Dan Cincis, Executive Chef at El Caballero Country Club in Tarzana, Calif., shared this recipe with the Los Angeles Daily News, and asks only that you use the highest quality salmon and heat the grill “screaming hot.”
Grilled Salmon with Lemon Caper Butter Sauce
2 wild-caught salmon filets — 6-ounce portions, skin on
For the sauce:
1 large lemon, zested and juiced
1 stick unsalted butter, cut into pieces
1 shallot, finely diced
2 garlic cloves, finely diced
2 tbsp. capers
1 tbsp. extra virgin olive oil
1/4 cup white wine
1 tbsp. Italian parsley (stems removed and finely minced)
Kosher salt and pepper, to taste
- Preheat grill to 500 degrees. Preheat oven to 425 degrees.
- With a sharp knife, remove all gray matter from the middle of the skin side of the salmon. (This is the bloodline that has a fishy taste and an unpleasant look when cooked.) Season fish with salt and pepper.
- Spray flesh side, or “presentation side” of the salmon, with nonstick pan spray and place on grill for about 1 minute. Turn 90 degrees and cook for another minute and remove from grill. This should give you nice grill marks on the presentation side of your fish.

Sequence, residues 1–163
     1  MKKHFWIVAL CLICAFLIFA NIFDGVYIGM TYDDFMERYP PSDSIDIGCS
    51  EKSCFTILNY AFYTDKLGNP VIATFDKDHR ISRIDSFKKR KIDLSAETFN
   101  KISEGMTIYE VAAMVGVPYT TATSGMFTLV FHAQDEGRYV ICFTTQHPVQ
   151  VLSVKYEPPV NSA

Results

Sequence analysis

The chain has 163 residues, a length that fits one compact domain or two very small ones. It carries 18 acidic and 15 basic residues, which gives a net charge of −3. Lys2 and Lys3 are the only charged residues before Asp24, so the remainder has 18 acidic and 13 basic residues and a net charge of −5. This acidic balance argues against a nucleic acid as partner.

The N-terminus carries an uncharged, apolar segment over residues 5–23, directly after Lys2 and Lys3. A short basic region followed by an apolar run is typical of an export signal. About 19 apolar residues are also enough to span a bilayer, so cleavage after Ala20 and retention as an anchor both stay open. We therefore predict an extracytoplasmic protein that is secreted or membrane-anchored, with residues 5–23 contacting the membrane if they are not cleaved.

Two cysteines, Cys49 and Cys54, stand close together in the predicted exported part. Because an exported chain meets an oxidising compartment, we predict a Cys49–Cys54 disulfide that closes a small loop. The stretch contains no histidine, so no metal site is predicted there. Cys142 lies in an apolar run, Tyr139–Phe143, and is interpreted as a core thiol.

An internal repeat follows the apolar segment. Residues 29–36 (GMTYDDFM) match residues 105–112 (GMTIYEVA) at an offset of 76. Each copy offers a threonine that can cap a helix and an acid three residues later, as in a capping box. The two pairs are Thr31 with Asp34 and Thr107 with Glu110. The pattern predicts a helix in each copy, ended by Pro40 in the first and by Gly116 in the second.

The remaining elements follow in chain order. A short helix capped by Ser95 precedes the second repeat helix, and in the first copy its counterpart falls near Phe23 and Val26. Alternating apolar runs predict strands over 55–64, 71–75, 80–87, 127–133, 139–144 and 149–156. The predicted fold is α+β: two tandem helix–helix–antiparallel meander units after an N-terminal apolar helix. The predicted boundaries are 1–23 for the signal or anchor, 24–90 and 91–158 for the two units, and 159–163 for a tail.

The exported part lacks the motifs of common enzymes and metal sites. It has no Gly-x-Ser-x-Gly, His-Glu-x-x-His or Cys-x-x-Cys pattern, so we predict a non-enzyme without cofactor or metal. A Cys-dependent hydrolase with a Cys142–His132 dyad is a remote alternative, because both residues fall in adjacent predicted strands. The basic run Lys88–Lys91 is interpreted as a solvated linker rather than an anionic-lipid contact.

- Place the fish, grill marks up, on a sheet pan greased with pan spray in the oven for approximately 8 minutes for a medium temperature fish. (Using the highest quality salmon ensures you don’t have it cook it until well done.)
For the sauce:
- Heat the olive oil in a stainless steel pan over medium heat, and gently sweat the shallots. Do not caramelize. Add the garlic and sweat for a few more minutes until you can smell garlic. Season with salt and pepper. Turn up the heat slightly and add the lemon juice and zest. Bring to a rapid bubble.
- Add the wine and reduce until most of the liquid is gone. Mix in capers. Turn the heat off. Drop in the butter pieces and swirl the pan until fully incorporated. Use a wooden spoon or rubber spatula if necessary. Mix in parsley. Taste and add more salt and pepper if necessary.
Note: Make sure when you plate your food, you put the sauce on the plate under the fish. You don’t want to cover up those nice grill marks.
From Dan Cincis, Executive Chef, El Caballero Country Club